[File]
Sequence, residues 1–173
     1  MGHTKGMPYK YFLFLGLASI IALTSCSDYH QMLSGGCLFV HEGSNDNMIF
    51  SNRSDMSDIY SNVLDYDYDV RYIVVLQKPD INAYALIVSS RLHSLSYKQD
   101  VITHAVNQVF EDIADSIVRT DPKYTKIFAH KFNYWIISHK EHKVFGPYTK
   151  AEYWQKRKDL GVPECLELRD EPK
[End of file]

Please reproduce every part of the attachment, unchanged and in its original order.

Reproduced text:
Sequence, residues 1–173
     1  MGHTKGMPYK YFLFLGLASI IALTSCSDYH QMLSGGCLFV HEGSNDNMIF
    51  SNRSDMSDIY SNVLDYDYDV RYIVVLQKPD INAYALIVSS RLHSLSYKQD
   101  VITHAVNQVF EDIADSIVRT DPKYTKIFAH KFNYWIISHK EHKVFGPYTK
   151  AEYWQKRKDL GVPECLELRD EPK